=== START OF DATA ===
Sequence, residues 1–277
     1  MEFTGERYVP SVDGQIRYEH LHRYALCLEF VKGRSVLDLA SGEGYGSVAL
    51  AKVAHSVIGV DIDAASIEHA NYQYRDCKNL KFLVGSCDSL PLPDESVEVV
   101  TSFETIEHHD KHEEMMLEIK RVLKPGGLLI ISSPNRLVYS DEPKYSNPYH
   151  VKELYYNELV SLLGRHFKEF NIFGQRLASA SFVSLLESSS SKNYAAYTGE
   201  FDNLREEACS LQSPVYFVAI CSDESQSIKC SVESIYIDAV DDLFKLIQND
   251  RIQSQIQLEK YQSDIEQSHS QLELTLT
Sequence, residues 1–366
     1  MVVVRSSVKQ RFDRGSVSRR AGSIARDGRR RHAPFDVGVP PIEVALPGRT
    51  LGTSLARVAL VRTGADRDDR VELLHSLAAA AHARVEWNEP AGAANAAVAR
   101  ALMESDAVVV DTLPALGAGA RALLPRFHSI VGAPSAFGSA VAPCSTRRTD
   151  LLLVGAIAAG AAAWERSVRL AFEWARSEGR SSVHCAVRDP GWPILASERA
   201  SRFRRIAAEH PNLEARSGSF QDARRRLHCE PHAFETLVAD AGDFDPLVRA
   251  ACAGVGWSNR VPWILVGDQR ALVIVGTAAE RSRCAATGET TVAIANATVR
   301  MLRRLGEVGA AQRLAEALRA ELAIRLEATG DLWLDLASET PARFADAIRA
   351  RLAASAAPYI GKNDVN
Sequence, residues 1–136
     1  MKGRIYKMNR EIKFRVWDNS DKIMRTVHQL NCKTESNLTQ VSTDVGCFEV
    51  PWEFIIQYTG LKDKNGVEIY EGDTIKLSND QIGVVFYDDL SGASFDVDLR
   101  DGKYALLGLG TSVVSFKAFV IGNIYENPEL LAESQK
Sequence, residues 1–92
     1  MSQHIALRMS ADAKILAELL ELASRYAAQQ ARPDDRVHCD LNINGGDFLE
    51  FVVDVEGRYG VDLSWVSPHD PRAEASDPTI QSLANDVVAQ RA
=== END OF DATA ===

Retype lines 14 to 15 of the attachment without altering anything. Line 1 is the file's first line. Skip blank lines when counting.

   251  ACAGVGWSNR VPWILVGDQR ALVIVGTAAE RSRCAATGET TVAIANATVR
   301  MLRRLGEVGA AQRLAEALRA ELAIRLEATG DLWLDLASET PARFADAIRA